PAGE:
PORTLAND – Peter G. Vigue thinks the success of Maine’s economy lies largely in the will of Maine’s people.

“It starts with … the people of this state believing in themselves and their capability to compete and win,” said the 63-year-old President and CEO of Pittsfield-based The Cianbro Cos.

Vigue’s beliefs are those of an executive who rose from humble roots to head one of Maine’s top construction firms.

“I came from a family that was not economically privileged,” he said. “If you want to advance, you learn to pull yourself up by your bootstraps.”

Vigue was born in Caribou. His father, a civil servant from Waterville, worked at Loring Air Force Base in Limestone after World War II and helped build the Maine Turnpike.

Vigue started working in construction when he was about 13 years old, clearing out culverts on Interstate 95. He also delivered newspapers.

He attended Maine Maritime Academy, graduated with a degree in marine engineering in 1969 and worked as an assistant engineer on a ship that delivered jet fuel to the U.S. military during the Vietnam War.

In 1970, Vigue took an entry-level position at Cianbro, where he advanced to management positions. He was named president of the firm, which now has revenue of more than $500 million, in 1991.

In addition to running the company, Vigue has been a vocal supporter of projects he thinks can transform the state’s economy and improve the lives of Mainers.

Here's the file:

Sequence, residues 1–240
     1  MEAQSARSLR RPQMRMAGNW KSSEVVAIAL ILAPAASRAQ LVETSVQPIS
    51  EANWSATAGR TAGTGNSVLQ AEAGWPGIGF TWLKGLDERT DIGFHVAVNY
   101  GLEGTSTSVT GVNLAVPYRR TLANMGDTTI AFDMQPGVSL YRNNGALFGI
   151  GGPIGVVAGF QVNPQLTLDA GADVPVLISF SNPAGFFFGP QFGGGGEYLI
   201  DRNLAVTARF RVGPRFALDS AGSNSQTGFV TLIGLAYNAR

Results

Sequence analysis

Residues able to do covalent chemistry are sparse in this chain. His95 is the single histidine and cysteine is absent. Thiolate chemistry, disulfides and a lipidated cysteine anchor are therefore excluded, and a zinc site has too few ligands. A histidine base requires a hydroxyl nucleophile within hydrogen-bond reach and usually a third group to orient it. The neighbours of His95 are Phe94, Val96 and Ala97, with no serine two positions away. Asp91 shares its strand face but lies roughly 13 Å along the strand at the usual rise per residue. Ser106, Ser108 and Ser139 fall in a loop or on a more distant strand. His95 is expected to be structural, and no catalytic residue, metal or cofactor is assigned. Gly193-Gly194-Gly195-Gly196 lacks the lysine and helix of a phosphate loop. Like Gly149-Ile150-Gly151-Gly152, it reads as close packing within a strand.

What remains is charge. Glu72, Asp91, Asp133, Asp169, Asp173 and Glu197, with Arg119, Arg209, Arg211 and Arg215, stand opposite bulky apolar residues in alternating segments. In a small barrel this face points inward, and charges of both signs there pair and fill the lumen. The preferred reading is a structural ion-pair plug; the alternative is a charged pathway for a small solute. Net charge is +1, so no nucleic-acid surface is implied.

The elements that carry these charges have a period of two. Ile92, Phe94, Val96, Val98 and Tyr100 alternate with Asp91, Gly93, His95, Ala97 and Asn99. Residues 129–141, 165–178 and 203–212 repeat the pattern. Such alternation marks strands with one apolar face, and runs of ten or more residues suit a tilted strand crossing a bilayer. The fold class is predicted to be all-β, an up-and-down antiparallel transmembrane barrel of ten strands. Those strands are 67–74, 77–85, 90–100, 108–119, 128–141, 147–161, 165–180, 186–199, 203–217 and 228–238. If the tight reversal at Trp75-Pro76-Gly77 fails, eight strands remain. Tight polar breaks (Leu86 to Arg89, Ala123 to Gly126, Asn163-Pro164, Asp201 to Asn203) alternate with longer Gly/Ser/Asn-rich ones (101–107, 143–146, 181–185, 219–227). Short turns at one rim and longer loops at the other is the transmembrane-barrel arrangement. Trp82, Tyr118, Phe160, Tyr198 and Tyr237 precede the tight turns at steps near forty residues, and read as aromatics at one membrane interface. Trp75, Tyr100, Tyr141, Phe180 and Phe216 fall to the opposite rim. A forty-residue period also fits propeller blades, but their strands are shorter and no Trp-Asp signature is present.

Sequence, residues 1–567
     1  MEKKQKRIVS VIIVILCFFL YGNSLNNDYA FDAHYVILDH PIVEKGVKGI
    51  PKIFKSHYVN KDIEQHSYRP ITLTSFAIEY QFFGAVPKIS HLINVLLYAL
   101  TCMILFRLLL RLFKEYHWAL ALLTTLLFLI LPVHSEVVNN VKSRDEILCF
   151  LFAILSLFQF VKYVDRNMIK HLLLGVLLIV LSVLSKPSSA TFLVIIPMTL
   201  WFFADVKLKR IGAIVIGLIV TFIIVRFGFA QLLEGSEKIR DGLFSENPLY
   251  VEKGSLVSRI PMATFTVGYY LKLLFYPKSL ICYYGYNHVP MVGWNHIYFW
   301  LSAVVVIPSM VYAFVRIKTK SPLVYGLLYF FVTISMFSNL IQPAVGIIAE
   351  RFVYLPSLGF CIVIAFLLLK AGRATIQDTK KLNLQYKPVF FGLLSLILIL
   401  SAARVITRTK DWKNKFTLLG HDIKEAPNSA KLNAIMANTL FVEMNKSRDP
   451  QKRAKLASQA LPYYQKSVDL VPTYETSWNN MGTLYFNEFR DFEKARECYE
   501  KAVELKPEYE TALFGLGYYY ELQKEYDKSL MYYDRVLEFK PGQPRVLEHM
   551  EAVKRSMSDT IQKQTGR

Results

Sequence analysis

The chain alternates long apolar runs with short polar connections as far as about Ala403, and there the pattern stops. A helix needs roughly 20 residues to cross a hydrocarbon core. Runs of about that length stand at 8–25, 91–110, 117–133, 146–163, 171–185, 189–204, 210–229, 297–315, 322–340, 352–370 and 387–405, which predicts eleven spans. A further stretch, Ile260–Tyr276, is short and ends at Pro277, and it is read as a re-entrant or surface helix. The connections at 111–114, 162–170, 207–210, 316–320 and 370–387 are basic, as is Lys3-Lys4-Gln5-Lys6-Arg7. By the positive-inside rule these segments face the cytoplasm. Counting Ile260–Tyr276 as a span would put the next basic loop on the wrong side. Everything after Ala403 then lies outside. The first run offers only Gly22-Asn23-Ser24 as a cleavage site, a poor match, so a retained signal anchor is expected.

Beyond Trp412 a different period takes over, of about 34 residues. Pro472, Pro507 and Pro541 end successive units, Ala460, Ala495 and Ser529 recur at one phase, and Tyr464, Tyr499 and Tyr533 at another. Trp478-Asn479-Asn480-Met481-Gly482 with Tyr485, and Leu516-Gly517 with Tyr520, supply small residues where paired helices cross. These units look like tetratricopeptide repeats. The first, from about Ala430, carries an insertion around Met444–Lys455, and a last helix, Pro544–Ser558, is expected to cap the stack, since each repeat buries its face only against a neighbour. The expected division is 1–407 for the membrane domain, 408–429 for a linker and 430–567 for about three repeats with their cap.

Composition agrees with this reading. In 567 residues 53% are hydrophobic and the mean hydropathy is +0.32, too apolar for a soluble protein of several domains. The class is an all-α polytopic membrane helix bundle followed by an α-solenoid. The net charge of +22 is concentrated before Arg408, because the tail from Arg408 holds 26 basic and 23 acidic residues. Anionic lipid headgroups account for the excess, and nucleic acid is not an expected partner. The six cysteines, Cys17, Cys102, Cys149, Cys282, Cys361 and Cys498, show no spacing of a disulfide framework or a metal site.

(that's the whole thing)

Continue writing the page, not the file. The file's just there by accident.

In 2008, he began working on a plan to upgrade Maine’s energy infrastructure, health care system and transportation, and to improve Maine’s business climate. Vigue presented the plan to then-Gov. John Baldacci.

He has pushed for a new toll highway connecting Maine to Canada, weatherizing all Maine homes and the construction of a power transmission line running along the Maine Turnpike. He said revenue from leasing the land could be invested in business.

John O’Dea, CEO of Associated General Contractors of Maine, said Vigue “thinks big and is not looking for incremental solutions.”

“Pete Vigue is a force of nature. He is an uncommon leader and can practically will things to happen,” said O’Dea. “He’s impatient — mercifully impatient — but he gets it done.”

O’Dea said the business community encouraged Vigue to run for governor, but he declined.

Vigue said earlier this week that he has no ambition to be a politician, and no plans to retire.

“I can have a lot more influence on getting things done the way I am now,” he said.

Vigue has two children, 38-year-old Michelle and 40-year-old Andi, who works at Cianbro.

He said he spends much of his free time working with kids he hires to help with projects, like building rock walls and planting gardens on his land.

“I got a chance growing up,” he said. “My job is to be a coach and give them an opportunity.”

Jonathan Hemmerdinger can be reached at 791-6316 or:

[email protected]